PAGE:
A glorious new year, and decade, to all!
As the Jewish festival of lights comes to an end, as Christians and non-Christians embrace Christmas, and as we all rush towards a brand new year, there is a huge challenge and opportunity waiting for every social, political, cultural, business and technological innovator.
Handle this challenge well, and we will all have a glorious new year and decade!
This opportunity is… as the third and fourth industrial revolutions coalesce, how we humanise the massive surge of new smart systems, smart machines and smart technologies that will hit us over the next 1-3-5-7-10-15 years.
This blog is the first of a series around the theme of humanising technology. In it, Neville Christie overviews his family of origin’s own story.
We can do it again
Neville does this to remind us all of just how much innovation and technical, social and cultural change we’ve all absorbed over the 70+ years, since the end of WW2 in 1945. And how much economic, social and cultural change and prosperity this has brought.
We can do it again!
But there is nothing inevitable about a new wave of prosperity, wellness and well-being ahead. In fact, quite the contrary. Left alone to their own devices – pun intended – this cascading plethora of new science, new knowledge, new technology, new smart machines, new smart grids, new smart cities, the Internet of Everything, the blockchain and cryptocurrencies, will not only tend towards being disruptive and destructive. But also towards being both ‘inhuman’ and inhumane.
It is us – as social, political, cultural and business innovators – who’ll make the difference… As we imagine, create and install the human faces, interfaces and ecologies around these algorithm-driven entities.
Who takes over the world?
Here’s the take-home message: We all have it in our minds, hands and wills to push aside all this nonsense about smart machines taking over the world. Providing, that is, we rise to the challenge and give all these new robots and smart gizmos human faces and interfaces and create new ecologies around them.
More fully human
Why? So that, as we dance with the AI robots, their children, and their aunts and uncles, we make it more possible for all us to be more fully human. Not less!
New introduction to the human race
Thirty-five years ago, one of my mentors, human development pioneer and professional Dr Jean Houston wrote in ‘The Possible Human,’ something that motivated me enormously then. And still does today, because it’s even truer now, than back then:
“With the present convergence of the findings of anthropology, cross-cultural studies, psychophysical research, and studies into the nature and function of the brain, we are beginning to have in hand a perspective on human possibility as profound as it is provocative. This perspective allows us to turn the corner on our humanity, exploring and experiencing the astonishing complexity and variety of the world of the possible human. It is a new introduction to the human race.”
Wowee! Let’s make it happen – collaboratively and co-operatively, together!
For entrepreneurs and innovators, opportunities typically come clothed as problems, waiting for us to re-address them.
And one of the hugest problem-opportunities over the 3-5-10-15 years, will be the biggest onslaught ever of automation, robots [“bots”], smart machines, smart systems the world has ever seen… which, among many other changes, will destroy, takeover, change, transform 50-70% of all service industry jobs…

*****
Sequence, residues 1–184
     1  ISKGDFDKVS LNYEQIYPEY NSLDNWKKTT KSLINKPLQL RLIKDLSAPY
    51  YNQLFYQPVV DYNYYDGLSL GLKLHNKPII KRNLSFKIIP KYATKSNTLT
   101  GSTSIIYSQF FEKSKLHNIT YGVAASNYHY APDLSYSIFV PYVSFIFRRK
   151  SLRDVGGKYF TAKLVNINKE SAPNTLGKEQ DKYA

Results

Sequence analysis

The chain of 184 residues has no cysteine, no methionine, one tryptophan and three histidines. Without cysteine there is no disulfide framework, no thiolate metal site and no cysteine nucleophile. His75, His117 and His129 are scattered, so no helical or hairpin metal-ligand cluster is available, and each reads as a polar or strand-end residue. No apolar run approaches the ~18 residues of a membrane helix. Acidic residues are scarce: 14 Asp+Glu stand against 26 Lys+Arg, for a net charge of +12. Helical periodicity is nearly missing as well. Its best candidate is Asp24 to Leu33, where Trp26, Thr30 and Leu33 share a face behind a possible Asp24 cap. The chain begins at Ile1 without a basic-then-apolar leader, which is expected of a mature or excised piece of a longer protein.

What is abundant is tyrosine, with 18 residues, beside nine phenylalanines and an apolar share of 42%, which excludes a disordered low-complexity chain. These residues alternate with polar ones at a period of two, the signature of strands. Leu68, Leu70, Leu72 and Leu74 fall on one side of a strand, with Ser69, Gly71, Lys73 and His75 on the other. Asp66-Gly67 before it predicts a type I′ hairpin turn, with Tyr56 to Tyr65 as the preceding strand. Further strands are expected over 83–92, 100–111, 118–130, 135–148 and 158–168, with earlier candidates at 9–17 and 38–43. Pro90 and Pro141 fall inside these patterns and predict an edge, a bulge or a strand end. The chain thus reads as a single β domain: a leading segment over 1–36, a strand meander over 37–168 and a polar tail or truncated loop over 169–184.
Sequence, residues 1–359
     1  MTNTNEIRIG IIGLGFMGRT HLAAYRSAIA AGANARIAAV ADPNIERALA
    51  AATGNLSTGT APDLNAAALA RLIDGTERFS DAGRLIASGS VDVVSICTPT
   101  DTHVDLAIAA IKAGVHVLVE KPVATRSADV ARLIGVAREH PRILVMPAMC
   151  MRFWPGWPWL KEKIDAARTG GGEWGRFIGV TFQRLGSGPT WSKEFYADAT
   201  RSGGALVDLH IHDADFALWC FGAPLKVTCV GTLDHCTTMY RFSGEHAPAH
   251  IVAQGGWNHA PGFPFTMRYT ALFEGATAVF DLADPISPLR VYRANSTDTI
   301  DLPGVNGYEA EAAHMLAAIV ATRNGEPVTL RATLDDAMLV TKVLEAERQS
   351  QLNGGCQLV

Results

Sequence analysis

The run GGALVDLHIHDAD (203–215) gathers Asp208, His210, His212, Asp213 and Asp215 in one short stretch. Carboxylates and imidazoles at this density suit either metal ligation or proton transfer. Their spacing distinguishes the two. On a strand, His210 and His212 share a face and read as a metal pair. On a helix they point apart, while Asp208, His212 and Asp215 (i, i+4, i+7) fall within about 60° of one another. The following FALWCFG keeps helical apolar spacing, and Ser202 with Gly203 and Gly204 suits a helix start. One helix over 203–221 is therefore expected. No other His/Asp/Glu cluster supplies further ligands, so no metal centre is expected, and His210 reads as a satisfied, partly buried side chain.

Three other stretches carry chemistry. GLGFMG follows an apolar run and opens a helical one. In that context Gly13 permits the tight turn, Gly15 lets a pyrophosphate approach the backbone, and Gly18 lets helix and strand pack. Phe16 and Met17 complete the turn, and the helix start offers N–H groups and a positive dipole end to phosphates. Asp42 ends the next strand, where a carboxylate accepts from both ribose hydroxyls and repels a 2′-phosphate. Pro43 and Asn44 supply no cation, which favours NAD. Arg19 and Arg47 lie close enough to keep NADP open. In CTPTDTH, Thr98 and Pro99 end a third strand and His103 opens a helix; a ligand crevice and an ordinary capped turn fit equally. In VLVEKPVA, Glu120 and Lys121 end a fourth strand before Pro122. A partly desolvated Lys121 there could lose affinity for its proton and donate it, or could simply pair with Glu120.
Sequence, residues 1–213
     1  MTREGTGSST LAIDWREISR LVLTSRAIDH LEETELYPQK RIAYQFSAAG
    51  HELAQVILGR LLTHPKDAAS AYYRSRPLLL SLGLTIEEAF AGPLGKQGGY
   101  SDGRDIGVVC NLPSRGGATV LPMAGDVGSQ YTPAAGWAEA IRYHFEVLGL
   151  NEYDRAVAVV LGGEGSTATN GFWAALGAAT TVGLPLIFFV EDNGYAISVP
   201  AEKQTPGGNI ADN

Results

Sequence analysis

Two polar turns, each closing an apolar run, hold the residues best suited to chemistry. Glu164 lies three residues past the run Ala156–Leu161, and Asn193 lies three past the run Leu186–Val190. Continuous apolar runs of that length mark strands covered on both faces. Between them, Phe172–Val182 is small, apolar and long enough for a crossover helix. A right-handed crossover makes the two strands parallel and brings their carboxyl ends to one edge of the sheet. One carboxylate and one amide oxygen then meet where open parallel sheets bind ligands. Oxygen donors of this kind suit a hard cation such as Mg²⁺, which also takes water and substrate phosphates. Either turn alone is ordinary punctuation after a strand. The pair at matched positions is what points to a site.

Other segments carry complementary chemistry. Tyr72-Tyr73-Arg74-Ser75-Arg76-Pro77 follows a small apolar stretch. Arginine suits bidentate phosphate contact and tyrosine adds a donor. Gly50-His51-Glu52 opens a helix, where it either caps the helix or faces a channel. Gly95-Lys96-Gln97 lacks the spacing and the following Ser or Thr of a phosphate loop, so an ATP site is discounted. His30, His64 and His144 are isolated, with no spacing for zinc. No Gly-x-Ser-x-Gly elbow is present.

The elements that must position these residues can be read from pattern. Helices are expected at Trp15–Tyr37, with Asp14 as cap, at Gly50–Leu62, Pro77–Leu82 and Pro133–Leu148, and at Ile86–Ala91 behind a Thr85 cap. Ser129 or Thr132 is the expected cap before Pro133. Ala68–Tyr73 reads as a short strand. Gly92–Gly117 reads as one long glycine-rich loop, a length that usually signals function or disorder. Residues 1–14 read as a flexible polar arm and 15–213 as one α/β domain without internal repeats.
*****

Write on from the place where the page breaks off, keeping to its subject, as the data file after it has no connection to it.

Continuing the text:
So the opportunity for all innovations is to start acting now, so we ensure:
- these armies of machine ‘slaves’ have a human face and interface
- they serve humankind – not vice versa
- they serve all of humankind – not just a highly restrictive elite
- they help make life, love and work better for all, and
- we make sure many more new and productive jobs are created.
For a few relevant examples, see:
- 10 breakthrough technologies of 2017
- Emerging technologies
- 25 open ideas for breakthrough technologies
How many slaves do you own?
In the past, virtually every prosperous civilisation – including Babylon, China, Japan, Greece, Rome, the salt mines of the Sahara, the German tribes conquering the Slavs – hence the name ‘slaves’ , the Arabs, the Spaniards Portuguese and English, and North America – all were built on the backs of slaves, or serfs, and/or women doing most, or all, the menial, back-breaking tasks. Class distinctions thrived.
More recently, here in Australia, my own family of origin was ‘working class’.
As a kid in suburban Melbourne, born during WW 11, we had an outside ‘dunny’. We fed wood chips into a heater when we wanted a hot bath or shower. We kept our food cold with ice in an ice chest.
Godfrey Hirst, a migrant from Yorkshire, established a carpet manufacturing plant in Gelling in the 1880s. But these ended up in the posher homes of Toorak and Brighton. Not in ours. Our kitchen floor had linoleum [’lino’], and the rest of the house’s bare wooden floors had a few scattered rugs. We heated part of the house in winter with wooden fires. Bedrooms were freezing, but we kept warm with 5 or 6 rough woollen blankets – no doonas in sight back then,
Horses and hats
Dad ran his Dad’s wood, ice and chaff business, and during the war years when petrol was rationed, he did deliveries with a horse and dray.
The packaging industry did not exist. Fresh milk in bulk was delivered to our homes and ladled into our own containers. Bread was also home delivered, often still hot from the ovens. There were no jet planes or TV. No computers, internet, calculators, smart phones.
Large valve radio sets, which were found only in homes, were king. We spent many happy hours around the large set, letting our imagination rip as our set poured our words, sounds and music. But, of course, no visuals.
Trips to the big smoke